The top floor was deserted. Banging and clanking on the second floor and ground floor, and then silence. Liberty realised she was the only one left in the building. She hurried over to the check-out desk and stamped the books herself and then over to the spiral stairway which was blocked by a locked iron gate. She ran over to the ramp and found a heavy grill over it. She peered over the railing to the ground floor and considered jumping. Then she saw a trapdoor flapping in the opposite wall.

Opening the trapdoor she could see a chute. “What fun!” she shouted, squeezing through and whizzing down to the bottom. She landed on the pavement where several librarians were waiting at the bus stop to go home. Some of them smiled at her, others inhaled sharply through pinched nostrils. Pink cardigan polished her glasses and muttered, “The nerve of people who don’t know their place.”

But Liberty didn’t care. She had  her books. She strode along the pavement holding them close to her nose, smelling the musty dusty scent of old lives and dreaming of the treat ahead when she would read the night away.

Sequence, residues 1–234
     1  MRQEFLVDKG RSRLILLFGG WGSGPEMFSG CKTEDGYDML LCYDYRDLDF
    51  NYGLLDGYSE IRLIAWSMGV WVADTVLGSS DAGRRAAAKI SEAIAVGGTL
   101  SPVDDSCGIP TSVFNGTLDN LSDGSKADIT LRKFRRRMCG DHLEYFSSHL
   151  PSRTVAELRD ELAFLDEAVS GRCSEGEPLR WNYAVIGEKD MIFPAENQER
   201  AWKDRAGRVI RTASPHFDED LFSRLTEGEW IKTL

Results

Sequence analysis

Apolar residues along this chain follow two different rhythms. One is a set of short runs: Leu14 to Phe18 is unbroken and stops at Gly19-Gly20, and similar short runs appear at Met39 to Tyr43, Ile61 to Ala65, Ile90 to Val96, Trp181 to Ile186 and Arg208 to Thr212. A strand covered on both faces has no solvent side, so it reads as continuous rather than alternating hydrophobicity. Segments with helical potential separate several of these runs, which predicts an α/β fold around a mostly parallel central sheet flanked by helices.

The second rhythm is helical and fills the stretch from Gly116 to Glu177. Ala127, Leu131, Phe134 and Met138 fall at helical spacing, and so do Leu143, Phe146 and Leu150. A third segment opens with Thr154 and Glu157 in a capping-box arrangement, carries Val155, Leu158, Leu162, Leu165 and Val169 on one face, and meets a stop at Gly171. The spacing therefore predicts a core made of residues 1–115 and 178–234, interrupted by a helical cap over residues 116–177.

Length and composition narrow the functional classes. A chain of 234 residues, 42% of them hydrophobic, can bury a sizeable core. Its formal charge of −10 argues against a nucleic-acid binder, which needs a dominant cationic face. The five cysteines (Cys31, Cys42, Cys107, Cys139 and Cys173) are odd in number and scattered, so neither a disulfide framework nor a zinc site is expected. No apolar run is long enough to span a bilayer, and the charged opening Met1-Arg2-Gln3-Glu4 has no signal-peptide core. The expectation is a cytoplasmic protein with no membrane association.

She was almost home when she passed a theatre where a poetry reading was being held according to the poster plastered over the wall by the ticket office. She searched in her bag for her purse. She had just enough money, so she bought a ticket and entered the small crowded auditorium where the usher showed her to a seat near the back. The lights dimmed and the performance began. A young woman read from the lectern then invited the audience to respond to her verse.  Before anyone could comment a man in the front row started singing in  deep baritone voice: “Dance, dance, wherever you may be, I am the Lord of the Dance, said he and I’ll lead you all, wherever you may be and I’ll lead you all in the dance, said he.”

The man stood up and faced the audience. Liberty recognised him as the famous novelist she’d seen at the top of the ramp. The spotlight shifted from the young poet, leaving her in shadow, and illuminated the  famous novelist. He spread his arms on either side of him like wings. The audience began clapping and cheering. Liberty gathered up her books and under cover of darkness she pushed her way past the rows of knees to the exit.



Sandra Arnold lives in New Zealand. Her work appears in numerous journals and anthologies, most recently in Bonsai: Best Small Stories from Aotearoa New Zealand (Canterbury University Press, NZ, 2018), The DrabbleBlue Five NotebookX-Ray Literary Magazine and Fewer than 500.  She is the author of five books, her new novel Ash (Mākaro Press, NZ)  and her first flash fiction collection Soul Etchings (Retreat West Books, UK) forthcoming in 2019. She is a guest editor for Meniscus: Literary Journal of  the Australasian Association of Writing programs.